Electronics Watch has developed a new forced labour risk chart that allows public buyers to quickly understand the risk composition of the electronics they buy. The chart focuses on assembly and component levels, and the country of origin. This is done by combining analysis of specific regional conditions and supply chain characteristics. The Australian Government will be among the first to use this tool to better understand and respond strategically to modern slavery risks in its ICT supply chains.
Electronics Watch has joined the Clean Electronics Production Network (CEPN). CEPN is a multi-stakeholder innovation network, with the goal to "move toward zero exposure of workers to toxic chemicals in the electronics manufacturing process." As a member of CEPN, Electronics Watch will help our affiliates work effectively to remove toxic chemicals from their electronics supply chains.
Today, just six days before the start of the UN Climate Change Conference, COP 26, Electronics Watch releases two films focusing on the mining of nickel, a key mineral for batteries in electric vehicles and renewable energy infrastructure. Produced in collaboration with Pacific Asia Resource Center and Friends of the Earth, Japan, with support from Bread for All, A Cry from Palawan - The Environmental and Social Cost of Energy Transition and What is at Stake Behind the Energy Transition? - The Real Cost of Nickel Mining in the Philippines vividly demonstrate the need for a Just Transition to achieve the climate goals.
Our first major investigation of a cobalt and copper mine in the Democratic Republic of the Congo has revealed significant worker rights, health and safety and environmental problems. The investigation, which included extensive worker surveys, focus group discussions, and interviews, was conducted in collaboration with Southern Africa Resource Center (SARW) and Initiative Bonne Gouvernance et Droits Humains (IBGDH).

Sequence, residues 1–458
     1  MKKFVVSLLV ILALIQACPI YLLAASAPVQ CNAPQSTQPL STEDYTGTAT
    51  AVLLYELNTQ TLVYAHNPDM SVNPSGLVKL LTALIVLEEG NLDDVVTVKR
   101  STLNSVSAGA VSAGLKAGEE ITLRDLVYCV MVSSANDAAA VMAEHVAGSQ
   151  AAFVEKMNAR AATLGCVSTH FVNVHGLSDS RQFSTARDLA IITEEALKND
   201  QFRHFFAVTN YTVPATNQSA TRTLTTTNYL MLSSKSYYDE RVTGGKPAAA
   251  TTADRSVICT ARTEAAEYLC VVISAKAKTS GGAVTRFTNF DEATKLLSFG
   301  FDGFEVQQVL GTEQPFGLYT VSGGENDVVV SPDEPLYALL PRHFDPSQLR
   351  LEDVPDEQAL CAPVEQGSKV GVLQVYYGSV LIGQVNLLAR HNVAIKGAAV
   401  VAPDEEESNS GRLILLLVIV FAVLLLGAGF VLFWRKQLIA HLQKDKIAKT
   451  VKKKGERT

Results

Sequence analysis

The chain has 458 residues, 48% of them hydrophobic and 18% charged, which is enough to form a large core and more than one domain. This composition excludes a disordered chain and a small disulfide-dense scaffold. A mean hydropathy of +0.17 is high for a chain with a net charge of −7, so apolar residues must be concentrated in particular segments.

The Australian Government has engaged with Electronics Watch through the Australia Border Force to map its ICT supply chains and assess the risk.
Electronics Watch has embarked on a new chapter of its monitoring program in Taiwan. The pandemic in 2020 drew attention to the precarity of the supply chains and the importance of Taiwan for its key role in chip production. Taiwan produces cutting edge chips for the leading electronics companies and is crucial to the global semiconductor supply chain. Electronics Watch is now embarking on a pilot project with Serve the People Association (SPA), Taoyuan, to look at the risk of forced labour in workers manufacturing chips in Taiwan and to build a long-term sustainable partnership that respects and supports workers' rights.
This year, our virtual summit will focus on two of the most important yet least talked about workers' rights: the freedom of association and the right to collective bargaining. The summit will take place between November 30—December 3 and be the culmination of a series of activities on this topic that we are organising in 2021.
The Procurement Office of the German Federal Ministry of the Interior has presented the Electronics Watch impact model as best practice.